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Restorative Justice University of Wyoming

Restorative justice is a set of practices and philosophy that reframes how we address and respond to harm while building community. It is indebted to Indigenous peacemaking practices from across the globe. Listen to Chief Justice Emeritus Robert Yazzie, a leading voice in restorative justice, speak "About Peacemaking". The emphasis in restorative justice lies in considering the impacts of harm on people and relationships, and in offering active accountability for those who have caused it. Restorative justice considers the role of community involvement as these elements come together in order to make things right. At Restorative Justice University of Wyoming, we strive to create a restorative justice program that emphasizes the importance of diversity, strives for processes built on equity, and ensures that inclusivity is built into the framework of our program. The likelihood of all members of the campus community to consider working with the RJ program is a benchmark of our success.

In our first year, we have begun offering support for expanding Community Circles as a means of building community and using restorative approaches to repair harm. Additionally, we offer a Restorative Circle and/or RJ Conference, for students or student groups who wish to repair relationships and tend to community when harms have arisen.

Interested in discussing a restorative process, or simply wanting to get in touch with RJUW? Email Connor Novotny, the Restorative Justice Program Manager - cnovotn1@uwyo.edu.

You may also schedule a meeting with RJUW by clicking this link  https://outlook.office365.com/owa/calendar/RestorativeJusticeProgramMeeting@uwy.onmicrosoft.com/bookings/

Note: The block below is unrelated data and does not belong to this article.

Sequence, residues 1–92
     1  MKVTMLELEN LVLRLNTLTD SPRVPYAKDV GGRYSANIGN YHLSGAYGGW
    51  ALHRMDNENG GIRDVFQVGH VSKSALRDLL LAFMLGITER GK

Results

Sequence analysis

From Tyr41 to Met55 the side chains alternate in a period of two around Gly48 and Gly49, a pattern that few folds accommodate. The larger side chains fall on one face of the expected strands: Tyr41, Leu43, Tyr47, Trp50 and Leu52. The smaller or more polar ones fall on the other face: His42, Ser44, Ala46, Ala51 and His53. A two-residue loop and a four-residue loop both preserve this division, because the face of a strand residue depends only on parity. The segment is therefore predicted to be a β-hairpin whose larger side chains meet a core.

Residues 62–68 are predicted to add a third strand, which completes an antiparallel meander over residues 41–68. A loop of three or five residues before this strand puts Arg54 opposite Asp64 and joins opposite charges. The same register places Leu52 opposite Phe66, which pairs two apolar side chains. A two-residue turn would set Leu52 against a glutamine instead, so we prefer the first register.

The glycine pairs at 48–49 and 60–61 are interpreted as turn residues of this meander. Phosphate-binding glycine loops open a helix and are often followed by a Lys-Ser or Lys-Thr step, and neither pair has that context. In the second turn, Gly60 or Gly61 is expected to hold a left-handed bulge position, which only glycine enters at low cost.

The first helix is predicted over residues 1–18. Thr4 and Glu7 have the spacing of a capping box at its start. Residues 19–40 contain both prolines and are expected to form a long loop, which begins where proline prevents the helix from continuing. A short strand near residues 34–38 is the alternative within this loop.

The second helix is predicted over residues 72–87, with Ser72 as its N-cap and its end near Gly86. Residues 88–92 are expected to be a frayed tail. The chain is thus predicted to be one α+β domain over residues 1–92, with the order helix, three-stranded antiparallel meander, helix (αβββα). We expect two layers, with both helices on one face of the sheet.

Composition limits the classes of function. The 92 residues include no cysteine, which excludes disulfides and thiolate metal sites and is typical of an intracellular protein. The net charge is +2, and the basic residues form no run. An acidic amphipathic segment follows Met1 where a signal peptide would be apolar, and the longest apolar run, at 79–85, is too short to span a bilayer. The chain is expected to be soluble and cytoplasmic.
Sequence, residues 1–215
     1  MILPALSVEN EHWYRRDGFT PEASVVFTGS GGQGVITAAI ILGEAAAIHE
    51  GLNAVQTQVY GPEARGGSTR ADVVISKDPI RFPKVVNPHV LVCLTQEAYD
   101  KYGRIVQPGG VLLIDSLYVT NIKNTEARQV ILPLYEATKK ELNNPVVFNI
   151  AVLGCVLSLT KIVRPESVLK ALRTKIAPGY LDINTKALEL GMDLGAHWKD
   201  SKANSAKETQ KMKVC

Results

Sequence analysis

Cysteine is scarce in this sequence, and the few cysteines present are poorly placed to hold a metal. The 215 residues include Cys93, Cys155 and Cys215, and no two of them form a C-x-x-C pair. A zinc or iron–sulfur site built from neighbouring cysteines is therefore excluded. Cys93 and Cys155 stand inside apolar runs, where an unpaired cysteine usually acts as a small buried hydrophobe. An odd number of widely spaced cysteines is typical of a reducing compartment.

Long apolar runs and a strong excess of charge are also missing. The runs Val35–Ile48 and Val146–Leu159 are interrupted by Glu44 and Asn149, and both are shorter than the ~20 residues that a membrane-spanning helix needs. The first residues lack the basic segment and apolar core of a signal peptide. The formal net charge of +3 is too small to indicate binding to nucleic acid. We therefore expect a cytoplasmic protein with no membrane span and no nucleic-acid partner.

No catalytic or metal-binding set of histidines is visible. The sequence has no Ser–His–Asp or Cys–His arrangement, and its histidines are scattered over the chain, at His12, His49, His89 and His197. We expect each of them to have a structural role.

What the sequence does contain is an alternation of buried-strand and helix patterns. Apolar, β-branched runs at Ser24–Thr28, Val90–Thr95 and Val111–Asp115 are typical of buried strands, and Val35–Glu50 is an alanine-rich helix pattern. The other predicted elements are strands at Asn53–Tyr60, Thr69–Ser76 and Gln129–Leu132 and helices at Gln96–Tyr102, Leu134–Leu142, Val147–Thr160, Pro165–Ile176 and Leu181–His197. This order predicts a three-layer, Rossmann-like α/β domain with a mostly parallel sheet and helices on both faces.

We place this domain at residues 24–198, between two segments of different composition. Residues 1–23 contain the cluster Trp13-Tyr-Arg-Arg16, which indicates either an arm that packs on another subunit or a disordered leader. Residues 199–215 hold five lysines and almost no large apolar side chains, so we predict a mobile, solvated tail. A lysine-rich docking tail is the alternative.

“Restorative justice is a process to involve, to the extent possible, those who have a stake in the specific offense and to collectively identify and address harms, needs, and obligations, in order to heal and put things as right as possible.”  - Howard Zehr

 

What does restorative justice look like?

  • Utilized in response to harm focusing on a smaller set of directly impacted parties
  • Harmed party centered
  • Participants include
    •  harmed party, party that caused harm, support people, facilitator and co-facilitator, and community members
  • Several preparatory meetings to ensure understanding, accountability, and a desire to repair harm.
  • Facilitated dialogue and collaborative agreement building.
    • Agreement designed to repair harm in meaningful ways.
  • Follow through with facilitator on agreement completion.
  • Restorative Circles
    • Utilized in response to harms experienced by communities on campus. They’re a structured space that allows members to be open and honest about their experiences of harms, be engaged in listening and understanding one another, and finally, collaboratively determine solutions for how to repair harm. Support people and community members may also participate.
    • Best for: addressing broader community harms, addressing microaggressions and other forms of bias, navigating miscommunications within the group.

  • Community Circles
    • An approach for building community that entrenches conversation, sharing values and mutual understanding around topics that the group chooses.